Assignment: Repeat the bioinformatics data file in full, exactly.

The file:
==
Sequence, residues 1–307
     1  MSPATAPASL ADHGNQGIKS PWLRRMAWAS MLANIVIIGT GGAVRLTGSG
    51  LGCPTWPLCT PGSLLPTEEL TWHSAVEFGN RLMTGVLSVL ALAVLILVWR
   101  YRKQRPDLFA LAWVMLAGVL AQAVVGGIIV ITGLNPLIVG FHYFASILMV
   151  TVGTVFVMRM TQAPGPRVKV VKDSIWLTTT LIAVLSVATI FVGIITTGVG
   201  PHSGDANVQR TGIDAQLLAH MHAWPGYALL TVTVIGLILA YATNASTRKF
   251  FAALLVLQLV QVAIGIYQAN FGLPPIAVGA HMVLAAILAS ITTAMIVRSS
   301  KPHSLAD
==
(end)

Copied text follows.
Sequence, residues 1–307
     1  MSPATAPASL ADHGNQGIKS PWLRRMAWAS MLANIVIIGT GGAVRLTGSG
    51  LGCPTWPLCT PGSLLPTEEL TWHSAVEFGN RLMTGVLSVL ALAVLILVWR
   101  YRKQRPDLFA LAWVMLAGVL AQAVVGGIIV ITGLNPLIVG FHYFASILMV
   151  TVGTVFVMRM TQAPGPRVKV VKDSIWLTTT LIAVLSVATI FVGIITTGVG
   201  PHSGDANVQR TGIDAQLLAH MHAWPGYALL TVTVIGLILA YATNASTRKF
   251  FAALLVLQLV QVAIGIYQAN FGLPPIAVGA HMVLAAILAS ITTAMIVRSS
   301  KPHSLAD